*The Skraps 1985-1991, 1998-2000*
If you were going to punk rock/hardcore shows between 1986-89 and you didn't see the Skraps, then you probably only thought you were underground.
During the mid to late 80's, The Skraps opened up for every notable national punk rock act passing through Detroit, from the Exploited and G.B.H. to the Day Glo Abortions and Danzig. Although never touring much in the States, the Skraps toured twice in three years and became an American sensation in Japan. The original Skraps packed bassist Pistol Pete (now in Twistin' Tarantulas), drummer Bill Riot (now a national jazz performer), guitarist Mike Sparks, current guitarist Hanz Pozzo (now known as Dresden Wulf), and current vocalist Bretton Wolfgang (now known as Bretton Brettonia).
In 1989, the Skraps took a break to write new material. That break ended up lasting ten years. In that time, vocalist Bretton Wolfgang left with Pistol Pete to join up with Johnny Spek (Paw and Hoarse) on guitar and drummer Wiz Arney (late of Trauma and Seduce) to form hard rock band Thunderchief. Hanz Pozzo and Mike Sparks, in that ten year break, formed the national punk powerhouse The Skoundrels. In 1998, the Skraps resumed performances, playing a "warm up show" at The Shelter in Detroit, and then their official comeback, opening up for The Damned at St. Andrew's Hall in Detroit.
Wulf and Brettonia took their places with Wiz Arney (now known as Dexter) on drums, and after countless auditions found the Skraps bassist, Bunny. Bunny toured nationally and sat through three records in the Australian/New Zealand national act Bad Touch. "I was sick of playing watered down modern punk rock," explains Bunny. "When I heard punk rock originals The Skraps were auditioning, I went to court, burned my contract with Bad Touch and here I am. The Skraps appealed to me because they were playing genuine original 80's punk/hardcore." And genuine it was. The Skraps often played much of the same set list they played 13 years prior. Dresden Wulf said at the time "If we come off sounding like the Misfits, Black Flag and The Damned, then that just shows what bands we were listening to and seeing when we wrote our music." The Skraps were a "punk rock time capsule" band. Vocalist Bretton Brettonia says, "We didn't pretend to be something we were not. We were a garage band that happened to have a professional drummer. We were loud, we hated musicians and record labels, and we were damn proud of it!" Drummer, Dexter, "When I signed a contract for the Skraps, I had no idea what I was getting into. I wanted out…I was desperately searching for a lawyer to get me out."
In 2000, unknowingly to everyone (including the band) The Skraps entered their final chapter by adding to their family yet again. Deciding to go back to a 5 man attack, they found current guitarist Chris Hollywood while scouring the underground no-holds-barred fighting circuits in Thailand. Hollywood added a lot to the overall power of the Skraps sound, and although he's over 9 feet tall and weighs only 120 pounds, he has the commanding stage presence the band is famous for. Only in his early 20s, industry insiders claim he may be the one to carry the band into the future. "Please, call me Fruitpie The Magician," Chris was once heard to say. Through all of this, the band remained a well-kept secret in the U.S. You couldn't say their music wasn't hardcore because it was the legitimate sound of 1980's Detroit garage rock. "A lot of bands today proclaim themselves punk or punk influenced and I laugh my ass off! I'm not saying they aren't…I just can't figure out where their influence comes from, unless Fleetwood Mac is punky," explained Brettonia.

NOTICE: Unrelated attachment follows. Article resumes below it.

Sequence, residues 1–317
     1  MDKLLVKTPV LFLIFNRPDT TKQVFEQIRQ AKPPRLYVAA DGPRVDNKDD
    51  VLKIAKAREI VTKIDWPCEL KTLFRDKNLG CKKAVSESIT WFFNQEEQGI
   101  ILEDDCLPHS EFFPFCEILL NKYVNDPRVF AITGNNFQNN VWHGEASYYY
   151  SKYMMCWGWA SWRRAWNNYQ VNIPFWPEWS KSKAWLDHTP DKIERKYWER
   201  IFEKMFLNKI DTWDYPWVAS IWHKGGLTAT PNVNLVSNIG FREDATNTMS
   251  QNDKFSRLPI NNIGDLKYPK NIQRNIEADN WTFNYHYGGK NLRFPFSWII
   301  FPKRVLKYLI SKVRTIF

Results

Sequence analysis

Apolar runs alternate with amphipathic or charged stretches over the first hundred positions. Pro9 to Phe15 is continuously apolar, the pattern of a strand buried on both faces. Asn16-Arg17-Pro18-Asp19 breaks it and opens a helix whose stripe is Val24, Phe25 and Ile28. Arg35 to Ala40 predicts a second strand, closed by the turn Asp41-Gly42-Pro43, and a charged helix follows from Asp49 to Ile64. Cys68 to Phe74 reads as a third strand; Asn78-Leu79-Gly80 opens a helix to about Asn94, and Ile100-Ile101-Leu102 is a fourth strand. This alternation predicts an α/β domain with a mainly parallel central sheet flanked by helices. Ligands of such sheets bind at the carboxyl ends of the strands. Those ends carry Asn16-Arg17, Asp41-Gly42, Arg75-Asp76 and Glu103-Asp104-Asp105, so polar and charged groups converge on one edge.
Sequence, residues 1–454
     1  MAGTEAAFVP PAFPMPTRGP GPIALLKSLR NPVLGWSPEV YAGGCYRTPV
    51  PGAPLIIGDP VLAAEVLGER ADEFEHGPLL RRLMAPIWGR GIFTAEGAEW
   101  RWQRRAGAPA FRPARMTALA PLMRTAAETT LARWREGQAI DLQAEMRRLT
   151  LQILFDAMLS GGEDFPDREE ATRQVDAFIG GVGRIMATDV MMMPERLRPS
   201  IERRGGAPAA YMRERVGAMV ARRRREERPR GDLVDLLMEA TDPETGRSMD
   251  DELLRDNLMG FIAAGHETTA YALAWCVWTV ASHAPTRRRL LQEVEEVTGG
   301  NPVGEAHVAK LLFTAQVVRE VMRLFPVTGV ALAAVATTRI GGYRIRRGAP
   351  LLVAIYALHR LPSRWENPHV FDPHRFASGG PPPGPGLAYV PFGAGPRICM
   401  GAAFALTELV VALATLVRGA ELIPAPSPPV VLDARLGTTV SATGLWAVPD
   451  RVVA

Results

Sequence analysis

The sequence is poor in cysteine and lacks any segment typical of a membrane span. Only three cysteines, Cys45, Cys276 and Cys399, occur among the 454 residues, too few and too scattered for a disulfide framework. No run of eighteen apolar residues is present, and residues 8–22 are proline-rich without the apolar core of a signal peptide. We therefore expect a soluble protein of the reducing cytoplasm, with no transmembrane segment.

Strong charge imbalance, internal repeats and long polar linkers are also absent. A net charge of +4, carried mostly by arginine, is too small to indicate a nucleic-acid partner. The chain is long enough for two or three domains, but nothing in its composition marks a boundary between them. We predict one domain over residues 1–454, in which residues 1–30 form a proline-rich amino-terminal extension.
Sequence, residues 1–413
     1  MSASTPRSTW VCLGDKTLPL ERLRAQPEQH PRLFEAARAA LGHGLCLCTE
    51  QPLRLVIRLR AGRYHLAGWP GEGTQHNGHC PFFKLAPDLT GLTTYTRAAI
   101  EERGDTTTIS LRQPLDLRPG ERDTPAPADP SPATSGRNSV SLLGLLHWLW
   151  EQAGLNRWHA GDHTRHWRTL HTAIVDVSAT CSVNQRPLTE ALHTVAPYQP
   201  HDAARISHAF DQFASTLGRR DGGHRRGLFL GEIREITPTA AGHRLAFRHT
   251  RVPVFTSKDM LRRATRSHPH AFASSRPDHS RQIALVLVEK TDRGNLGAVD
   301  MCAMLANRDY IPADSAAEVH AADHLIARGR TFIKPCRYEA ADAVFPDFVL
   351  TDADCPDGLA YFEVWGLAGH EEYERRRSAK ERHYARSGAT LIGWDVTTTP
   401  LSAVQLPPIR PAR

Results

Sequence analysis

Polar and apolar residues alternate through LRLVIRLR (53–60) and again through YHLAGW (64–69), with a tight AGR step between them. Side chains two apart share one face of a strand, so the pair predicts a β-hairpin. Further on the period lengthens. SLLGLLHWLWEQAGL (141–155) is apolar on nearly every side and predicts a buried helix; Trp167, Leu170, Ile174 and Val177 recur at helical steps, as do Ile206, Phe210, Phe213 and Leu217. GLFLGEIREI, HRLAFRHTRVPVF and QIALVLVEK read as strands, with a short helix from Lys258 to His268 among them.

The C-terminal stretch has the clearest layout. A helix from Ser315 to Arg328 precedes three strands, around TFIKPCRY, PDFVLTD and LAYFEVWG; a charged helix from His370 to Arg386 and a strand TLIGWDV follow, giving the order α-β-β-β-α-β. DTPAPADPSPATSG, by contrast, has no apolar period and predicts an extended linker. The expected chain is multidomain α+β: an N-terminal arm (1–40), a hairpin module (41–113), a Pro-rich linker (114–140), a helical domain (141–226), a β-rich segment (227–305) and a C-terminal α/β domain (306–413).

And so, The Skraps continued to deliver power-chord hardcore to small crowds in Metro Detroit. They also continued to remain a well kept secret and, for a while, preferred it that way. Bretton Brettonia said at the time, "We could have toured Japan and China year round, but we could only commit to two months a year. We were really big over there again, and I would rather have been musically anonymous." The Skraps simply refused to sign a contract and release a "company" album. In 1986, they pressed 1,000 copies of a 7" vinyl entitled "Bleeding Wounds." Good luck finding one. Last year this vinyl sold for $1,450.00 on EBay. Work on a new album with all new songs entitled "Dog-Gone Delicious" was about halfway done when everything was suddenly put on hold for unknown (again, even to the band) reasons. Late 2001. After the much delayed album was nearing completion, the band realized that this was a new sound, and with it should come a new approach. Still, the band held fast to the Skraps name realizing the history behind it. Eventually so many offers came in (and with it, money) that the band decided to retire the classic Skraps name rather than taint it. The band eventually decided to change their name to Sex Machine, which was much more marketable. The band that was never going to ever sell out was not only going to sell out…but they were going to sell out BIG. Just keep your eyes open and you will eventually see the music & merchandising juggernaut that is….Sex Machine. In the end, the music is still loud, original, and entertaining, the showmanship is still outstanding, and the feel is still there….it's just that now the band is making a ton of money by shilling out products that they hardly ever use. So if you are in the mood for a 45 minute lightning bolt set of chainsaw music, often vocalized in a surprising Elvis format…then submit to the Sex Machine and check them out for yourself next time they are in your area.
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